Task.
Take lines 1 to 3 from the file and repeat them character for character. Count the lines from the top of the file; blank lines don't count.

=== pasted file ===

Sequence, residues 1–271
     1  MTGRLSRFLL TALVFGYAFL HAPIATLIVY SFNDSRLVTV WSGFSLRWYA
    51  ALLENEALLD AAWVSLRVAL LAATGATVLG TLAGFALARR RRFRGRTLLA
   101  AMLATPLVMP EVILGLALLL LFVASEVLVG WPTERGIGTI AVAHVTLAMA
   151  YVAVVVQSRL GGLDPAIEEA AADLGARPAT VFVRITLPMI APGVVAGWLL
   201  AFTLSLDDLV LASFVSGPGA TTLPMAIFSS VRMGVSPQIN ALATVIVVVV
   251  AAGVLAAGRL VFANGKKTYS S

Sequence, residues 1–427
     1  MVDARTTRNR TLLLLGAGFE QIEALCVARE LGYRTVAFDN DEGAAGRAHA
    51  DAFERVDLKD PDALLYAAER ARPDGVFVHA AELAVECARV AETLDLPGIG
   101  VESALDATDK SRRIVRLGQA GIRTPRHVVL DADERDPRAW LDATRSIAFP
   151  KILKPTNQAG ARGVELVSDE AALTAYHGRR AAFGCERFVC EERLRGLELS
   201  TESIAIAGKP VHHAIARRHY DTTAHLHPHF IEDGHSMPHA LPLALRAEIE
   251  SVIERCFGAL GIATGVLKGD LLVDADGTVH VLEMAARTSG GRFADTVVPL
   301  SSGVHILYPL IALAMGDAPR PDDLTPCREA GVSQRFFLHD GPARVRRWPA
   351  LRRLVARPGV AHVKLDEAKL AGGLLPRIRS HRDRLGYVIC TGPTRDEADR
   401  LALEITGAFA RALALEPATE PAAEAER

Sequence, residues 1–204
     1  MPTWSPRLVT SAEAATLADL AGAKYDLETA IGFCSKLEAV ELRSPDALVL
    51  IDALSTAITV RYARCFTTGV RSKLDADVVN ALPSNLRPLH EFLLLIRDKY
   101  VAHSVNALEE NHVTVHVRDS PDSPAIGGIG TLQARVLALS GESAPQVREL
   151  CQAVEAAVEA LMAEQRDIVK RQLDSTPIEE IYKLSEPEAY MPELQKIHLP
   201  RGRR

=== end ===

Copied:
Sequence, residues 1–271
     1  MTGRLSRFLL TALVFGYAFL HAPIATLIVY SFNDSRLVTV WSGFSLRWYA
    51  ALLENEALLD AAWVSLRVAL LAATGATVLG TLAGFALARR RRFRGRTLLA